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Friday, 8 February 2013

Investment Sector Outlook for 2013: “Credit is a Lover on the Re-bound?”



FPM considers the macro speculation that policy makers’ credit cycle stimulus is in musical terms at a moderata end in 2013. The high flying segments of the credit asset class are behaviourally like a spurned or unreciprocated lover on the rebound to the next ‘pick-me-up’ lover. FPM’s analogy is that eventually this new quickly formed, on the bounce love-affair is checked. And in the end not lasting or enduring, as it was a hastily formed affair from hurt ego and pride following a more secure stable relationship or courting. We feel the stellar ‘dead-cat bounce’ from credit-bubble bursting in 2007-08 should unwind. Especially so in mortgage credits and leveraged loans. Not forgetting that these segments of credit were in greater proportion the underlying constituents of structured products dubbed ‘toxic’ CDOs, CLOs et al. The credit collapse should eventually be precipitated by the un-leashing of inflation expectations. Turning off credit stimulus is the first step. This view rhymes with some professionals predicting a strong equity market rally. Also, in this article we review our credit opinions expressed in September 2011 in “Credit Markets @Optimistic Workout Inflexion Point”. The hedge funds we recommended in that article, such as the Chenavari ABS Toro and the CQS ABS funds FPM put on “Review / Redemption” rating.

Our view is based on policy-lead from the US Federal Reserve and understanding of cyclicality in capital markets. The Fed’s minutes of its recent Federal Open Market Committee’s (FOMC) December 11-12 meetings hinted at reversal of policy by some of its members. Particularly toward halting the policy of monthly purchases of US$45 bn in Treasuries and US$30 bn in mortgage related securities.  Minute extracts:

“Several others [of the FOMC members] thought it would probably be appropriate to slow or to stop purchases well before the end of 2013… citing concerns about financial stability or the size of the balance sheet, which has grown from $869 billion in 2007 to over $2 trillion.”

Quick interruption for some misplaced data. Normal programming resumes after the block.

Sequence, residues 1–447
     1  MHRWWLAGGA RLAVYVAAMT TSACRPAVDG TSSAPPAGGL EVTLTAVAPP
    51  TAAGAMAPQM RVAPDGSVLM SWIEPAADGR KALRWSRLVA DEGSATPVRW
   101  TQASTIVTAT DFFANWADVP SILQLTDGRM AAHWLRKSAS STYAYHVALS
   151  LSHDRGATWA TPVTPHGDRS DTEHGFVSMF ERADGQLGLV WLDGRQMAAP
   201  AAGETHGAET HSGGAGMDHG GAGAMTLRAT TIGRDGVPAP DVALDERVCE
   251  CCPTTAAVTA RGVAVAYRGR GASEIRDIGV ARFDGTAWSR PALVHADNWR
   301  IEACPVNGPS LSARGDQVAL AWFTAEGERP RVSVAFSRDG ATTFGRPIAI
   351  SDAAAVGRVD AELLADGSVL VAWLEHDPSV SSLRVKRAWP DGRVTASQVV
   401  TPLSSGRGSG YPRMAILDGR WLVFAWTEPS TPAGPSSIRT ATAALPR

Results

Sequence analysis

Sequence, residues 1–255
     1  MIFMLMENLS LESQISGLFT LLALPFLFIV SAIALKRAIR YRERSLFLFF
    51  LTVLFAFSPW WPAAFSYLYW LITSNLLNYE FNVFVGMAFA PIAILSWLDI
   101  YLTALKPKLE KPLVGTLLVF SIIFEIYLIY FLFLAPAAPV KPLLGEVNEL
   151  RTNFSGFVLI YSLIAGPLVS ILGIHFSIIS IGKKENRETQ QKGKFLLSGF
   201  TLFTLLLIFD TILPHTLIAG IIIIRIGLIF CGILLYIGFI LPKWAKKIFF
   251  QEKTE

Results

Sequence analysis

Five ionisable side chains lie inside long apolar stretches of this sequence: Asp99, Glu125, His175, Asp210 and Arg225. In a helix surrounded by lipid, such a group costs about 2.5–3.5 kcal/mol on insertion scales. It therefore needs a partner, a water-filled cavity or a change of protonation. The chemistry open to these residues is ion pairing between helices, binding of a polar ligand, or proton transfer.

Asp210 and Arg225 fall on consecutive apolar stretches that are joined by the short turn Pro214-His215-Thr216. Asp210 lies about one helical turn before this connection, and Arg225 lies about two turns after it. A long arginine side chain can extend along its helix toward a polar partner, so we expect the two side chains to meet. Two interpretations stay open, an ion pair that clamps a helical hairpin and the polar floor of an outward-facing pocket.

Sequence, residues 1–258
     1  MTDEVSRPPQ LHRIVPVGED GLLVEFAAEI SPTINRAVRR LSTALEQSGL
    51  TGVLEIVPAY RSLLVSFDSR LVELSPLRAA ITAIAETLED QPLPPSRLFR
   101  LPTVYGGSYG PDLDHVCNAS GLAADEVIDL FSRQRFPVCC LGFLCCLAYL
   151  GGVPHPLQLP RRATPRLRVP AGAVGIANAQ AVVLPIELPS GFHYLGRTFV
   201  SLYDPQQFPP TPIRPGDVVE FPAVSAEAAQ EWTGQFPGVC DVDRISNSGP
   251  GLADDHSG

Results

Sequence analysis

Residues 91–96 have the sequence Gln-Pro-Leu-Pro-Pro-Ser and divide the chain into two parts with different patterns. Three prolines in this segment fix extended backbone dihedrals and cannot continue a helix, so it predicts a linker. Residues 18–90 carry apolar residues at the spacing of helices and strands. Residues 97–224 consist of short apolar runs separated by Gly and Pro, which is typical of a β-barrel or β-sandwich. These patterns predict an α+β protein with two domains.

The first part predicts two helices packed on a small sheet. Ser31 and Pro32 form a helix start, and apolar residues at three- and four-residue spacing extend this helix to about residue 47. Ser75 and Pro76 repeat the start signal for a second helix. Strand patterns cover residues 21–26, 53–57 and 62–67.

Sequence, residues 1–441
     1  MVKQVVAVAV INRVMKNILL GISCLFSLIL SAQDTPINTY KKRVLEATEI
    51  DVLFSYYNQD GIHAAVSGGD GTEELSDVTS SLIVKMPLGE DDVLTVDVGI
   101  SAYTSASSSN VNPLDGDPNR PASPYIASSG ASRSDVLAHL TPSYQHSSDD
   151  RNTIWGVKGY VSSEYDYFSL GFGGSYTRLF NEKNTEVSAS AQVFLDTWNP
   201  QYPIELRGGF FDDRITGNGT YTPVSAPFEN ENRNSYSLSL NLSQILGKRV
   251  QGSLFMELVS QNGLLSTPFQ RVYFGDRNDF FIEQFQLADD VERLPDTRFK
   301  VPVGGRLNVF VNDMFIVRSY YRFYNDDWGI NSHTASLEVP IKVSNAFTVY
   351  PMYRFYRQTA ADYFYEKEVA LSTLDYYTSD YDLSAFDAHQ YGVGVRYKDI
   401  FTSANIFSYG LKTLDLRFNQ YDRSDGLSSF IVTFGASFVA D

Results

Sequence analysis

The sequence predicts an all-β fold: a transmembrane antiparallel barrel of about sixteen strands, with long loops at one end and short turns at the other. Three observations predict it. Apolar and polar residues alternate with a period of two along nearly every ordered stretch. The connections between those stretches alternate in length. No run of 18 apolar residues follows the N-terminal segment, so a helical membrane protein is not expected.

In hindsight, policy makers or establishmentarianism turning off the bankers’ credit tap has been inevitable, or put another way long-time coming. Especially when considering the subsequent bargaining in ‘fiscal-cliff’ discussions at end-December 2012: whether to continue Bush-era tax holidays for all except US$400,000+ earners. In budgeting terms, something often has to give, or philosophically “be sacrificed”. FPM are aware that until final budget and national debt discussions are concluded in late February /early March there might yet be other compromises in American austerity drives. Set your calendar alarms to March 1st announcements on this.

After all, how long can the prime-and-pump machine churn-on towards inducing improved confidence and sentiment in economic activities and capital markets. The Great Depression could not be one if it was over in five year! Despite reserve-currencies ‘printing-money’ and the associated moral hazards in an increasingly interconnected global economy, concerted economic policy response has been credit expansion.  Inflation could still well be a scenario for debt devaluation. Inflations has been abated/ repressed or even manipulated in reserve-countries. Statistically, inflation is failing to measure a relevant representative basket of goods and services. Multiple academia and statistical research have distortedly indoctrinated professionals and public that ‘perceived inflation’ was higher than ‘actual’ reported cost of living because the basket constituents that were rising were repeat purchase items like food and other living day essentials. So price of cars or other durable goods and services deflating would be less noticeable, yet these heavily-weighted goods in the inflation basket more influence the ‘actual’ inflation. So like manipulation in LIBOR, we may understand that inflation measurement baskets are not representative to most of the population, who do not buy new cars repeatedly! Admittedly there are other prevalent inflation-mitigation factors than simply a pacifying behavioural finance explanation for biased inflation data. For example, China and other developing countries are globally exporting deflation through the activation of lower cost-base economy and globalisation trends in general.

The above mentioned moral hazard comes from the value of money becoming meaningless.  Capital is meant to be a finite resource in most economic models, even in an open economy.